NEW YORK (TheStreet) -- Bernard Madoff is back in the news, but the $1.4 billion Scott Rothstein Ponzi scheme sheds plenty of light onto the thought process of otherwise sophisticated investors as they get swindled.
With JPMorgan Chase (JPM) about to cough up over $2 billion for its role in enabling Madoff to run a long-term Ponzi scheme through his asset management business, this is a good time for investors to consider how they make their investment decisions, and whether or not it is possible for them to be approached by someone seeking to sell them bad paper.
Madoff's Ponzi scheme went on for 20 years, as he promised and delivered consistent returns to his asset management clients. These annual returns were in the low double digits -- high enough to please the investors, but low enough for the Ponzi scheme to survive, as long as Madoff brought in new clients. There were relatively early signs that Madoff's asset management skills were too good to be true, including the submission of evidence to the Securities and Exchange Commission by Harry Markopolos, a financial analyst.
But Madoff had little difficulty in skating by multiple SEC investigations and continuing to operate his scheme until the financial crisis caused clients to request redemptions in such great amounts that the Ponzi scheme collapsed. Madoff pleaded guilty to numerous federal charges and was sentenced to cool off for 150 years in prison. He hasn't cooperated with the government.
Rothstein's Ponzi scheme was different from Madoff's scheme in many respects. For starters, Rothstein was the lead partner in Rothstein Rosenfeldt Adler (RRA), a Fort Lauderdale, Fla., law firm. For roughly five years, through October 2009, Rothstein cultivated a colorful, even outrageous, "new money" persona, making huge donations to various local charities, expanding his law firm to such a degree that lawyers with competing firms couldn't understand how RRA could afford the expenses, and showing as much flash as possible by wearing expensive suits, amassing a collection of expensive cars and showing up to many high-profile local events.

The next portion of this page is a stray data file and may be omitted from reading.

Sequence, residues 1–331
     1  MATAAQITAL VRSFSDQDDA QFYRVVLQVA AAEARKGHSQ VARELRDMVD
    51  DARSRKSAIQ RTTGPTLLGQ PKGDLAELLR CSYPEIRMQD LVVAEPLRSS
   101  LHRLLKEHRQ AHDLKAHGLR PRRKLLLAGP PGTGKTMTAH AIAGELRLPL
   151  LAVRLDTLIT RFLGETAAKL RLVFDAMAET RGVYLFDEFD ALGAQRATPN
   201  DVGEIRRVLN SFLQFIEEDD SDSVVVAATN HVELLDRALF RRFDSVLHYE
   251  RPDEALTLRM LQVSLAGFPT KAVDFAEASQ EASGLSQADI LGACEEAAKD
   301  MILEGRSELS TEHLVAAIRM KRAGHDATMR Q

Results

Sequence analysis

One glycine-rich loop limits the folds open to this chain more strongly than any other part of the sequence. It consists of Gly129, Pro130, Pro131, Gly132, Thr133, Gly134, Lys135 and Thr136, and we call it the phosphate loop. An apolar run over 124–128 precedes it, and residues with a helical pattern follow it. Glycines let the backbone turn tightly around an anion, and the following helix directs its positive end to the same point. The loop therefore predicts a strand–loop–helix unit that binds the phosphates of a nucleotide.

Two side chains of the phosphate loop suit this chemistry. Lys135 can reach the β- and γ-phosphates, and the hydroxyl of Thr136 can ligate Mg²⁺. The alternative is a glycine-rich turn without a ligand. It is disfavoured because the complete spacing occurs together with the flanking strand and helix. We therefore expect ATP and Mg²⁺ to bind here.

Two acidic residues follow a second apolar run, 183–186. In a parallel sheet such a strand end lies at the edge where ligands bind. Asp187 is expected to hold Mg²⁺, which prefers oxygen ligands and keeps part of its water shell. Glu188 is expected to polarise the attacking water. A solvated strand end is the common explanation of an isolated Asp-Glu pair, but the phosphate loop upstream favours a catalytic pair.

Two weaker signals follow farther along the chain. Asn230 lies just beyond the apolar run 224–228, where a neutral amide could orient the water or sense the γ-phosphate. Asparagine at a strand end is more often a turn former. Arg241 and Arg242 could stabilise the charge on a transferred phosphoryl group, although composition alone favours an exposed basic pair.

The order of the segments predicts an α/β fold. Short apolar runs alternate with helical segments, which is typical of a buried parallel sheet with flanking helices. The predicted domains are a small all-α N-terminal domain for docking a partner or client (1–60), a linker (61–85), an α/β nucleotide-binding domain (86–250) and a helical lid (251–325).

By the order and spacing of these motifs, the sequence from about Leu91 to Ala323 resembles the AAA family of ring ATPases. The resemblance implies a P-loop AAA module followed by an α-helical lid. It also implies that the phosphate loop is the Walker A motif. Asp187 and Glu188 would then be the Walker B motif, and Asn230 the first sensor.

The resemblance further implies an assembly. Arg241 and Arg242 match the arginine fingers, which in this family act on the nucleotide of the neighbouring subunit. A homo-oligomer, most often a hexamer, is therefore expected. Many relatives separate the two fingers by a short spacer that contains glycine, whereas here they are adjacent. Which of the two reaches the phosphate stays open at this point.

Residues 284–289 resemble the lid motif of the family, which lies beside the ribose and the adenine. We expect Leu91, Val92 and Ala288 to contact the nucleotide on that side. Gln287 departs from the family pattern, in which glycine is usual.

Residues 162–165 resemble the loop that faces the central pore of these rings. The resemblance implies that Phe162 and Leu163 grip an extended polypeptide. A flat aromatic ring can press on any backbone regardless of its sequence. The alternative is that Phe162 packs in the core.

Through his largesse, Rothstein made many "friends" among local politicians, law enforcement, and even former Florida governor Charles Crist.
Such a high profile, as described in great detail in the fascinating book, The Ultimate Ponzi, by Chuck Malkus, served Rothstein well in attracting clients to his investment scheme, which involved the sale of investments that didn't really exist.
There were plenty of news reports saying Rothstein was selling "structured settlements" to investors. He wasn't. Investments in structured settlements are legitimate investments, where the investor buys the settlement -- for example, an insurance annuity paying out over 20 years -- at a discount, so the seller can get most of their cash immediately. The investor buys the settlement at a discount sufficient enough to make the deal worthwhile, resulting in a winning scenario for both parties.
What Rothstein was doing was offering investors the opportunity to "prefund" litigation settlements at a discount. Rothstein specialized in employment litigation. If an employer was ready to settle a lawsuit by an employee alleging discrimination or abuse for, say, $3.5 million, Rothstein would offer to pay the plaintiff $3 million, funded by the investor. Once the settlement was made, there would be an instant $500,000 profit. One major part of the scheme was that most the lawsuits in question didn't actually exist. There were few real settlements coming.
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